My daughter Sam is 12, but I’ve only known her for a year.

When we meet new people, my husband and I get a kick out of sharing that we’ve been married for 10 years. But we have daughters who are 12 and 5 years old.

We watch people try to hide their puzzled or judgmental faces. We let it go for a while before sharing that our 12-year-old was recently adopted through foster care.

Our family is proof that families are made in all sorts of ways, not just by blood. No one’s story is as straightforward as it may seem.

An interest in foster care

In college, I became interested in foster care. So interested that I chose to do a research project on the subject. My husband, John (who was I was dating at the time)r was interested too. We thought maybe one day down the road we’d become foster parents.

Years passed. We got married and the idea of fostering fell off of our radar. Until we began attending a church with an active foster care ministry.

At the time we had one biological daughter, Olivia, who was four. Through our church, we learned about the significant need for foster parents and became friends with foster and adoptive families. We decided to attend an information session to learn more.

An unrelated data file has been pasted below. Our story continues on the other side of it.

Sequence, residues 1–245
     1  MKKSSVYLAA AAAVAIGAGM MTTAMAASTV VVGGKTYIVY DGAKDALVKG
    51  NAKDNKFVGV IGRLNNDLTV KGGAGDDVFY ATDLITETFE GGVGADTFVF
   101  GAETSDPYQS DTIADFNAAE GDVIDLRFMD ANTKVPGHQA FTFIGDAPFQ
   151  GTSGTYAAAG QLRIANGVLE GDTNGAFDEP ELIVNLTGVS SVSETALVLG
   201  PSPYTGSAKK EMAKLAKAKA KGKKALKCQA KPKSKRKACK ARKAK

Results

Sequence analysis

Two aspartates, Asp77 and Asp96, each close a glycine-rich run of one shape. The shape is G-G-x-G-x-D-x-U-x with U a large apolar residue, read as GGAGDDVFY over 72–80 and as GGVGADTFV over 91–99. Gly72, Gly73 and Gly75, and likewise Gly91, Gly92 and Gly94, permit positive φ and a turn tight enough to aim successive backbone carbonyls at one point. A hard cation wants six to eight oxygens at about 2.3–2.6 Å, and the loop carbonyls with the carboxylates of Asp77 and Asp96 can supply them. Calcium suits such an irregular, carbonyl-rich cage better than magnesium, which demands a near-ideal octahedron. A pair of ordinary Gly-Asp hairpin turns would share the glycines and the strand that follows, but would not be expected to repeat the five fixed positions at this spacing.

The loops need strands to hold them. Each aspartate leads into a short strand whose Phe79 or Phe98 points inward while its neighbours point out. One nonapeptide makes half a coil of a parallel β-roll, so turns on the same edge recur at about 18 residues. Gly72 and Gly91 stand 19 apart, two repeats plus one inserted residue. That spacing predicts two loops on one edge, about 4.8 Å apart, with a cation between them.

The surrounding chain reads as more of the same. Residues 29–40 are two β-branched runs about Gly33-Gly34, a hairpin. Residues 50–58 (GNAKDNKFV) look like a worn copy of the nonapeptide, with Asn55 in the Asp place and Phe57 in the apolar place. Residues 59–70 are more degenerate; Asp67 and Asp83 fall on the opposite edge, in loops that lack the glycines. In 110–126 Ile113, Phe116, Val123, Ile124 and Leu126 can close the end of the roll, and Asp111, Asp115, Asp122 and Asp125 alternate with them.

Whatever was best

We were surprised to hear there’s a waiting list of foster parents who want a young child placement. But the opposite is true for kids over the age of 5. Knowing that, we decided to open our home to a girl between the ages of 5 and 10.

Some people foster with the end goal of adopting and growing their forever family. We were open to that if the birth parents of a child in our care lost their rights. But it wasn’t our exclusive goal.

We simply wanted to help. We wanted to make ourselves available to whoever we could serve in whatever capacity we could.

One step led to another and another, and the state opened our home in the spring of 2018.

Getting the call

One morning last spring, I got a call from our agency telling me about a 10-year-old girl named Samantha. She was finishing up the 4th grade and living with a foster family a few miles from us who was not an adoptive resource. That simply means they foster, but not to adopt.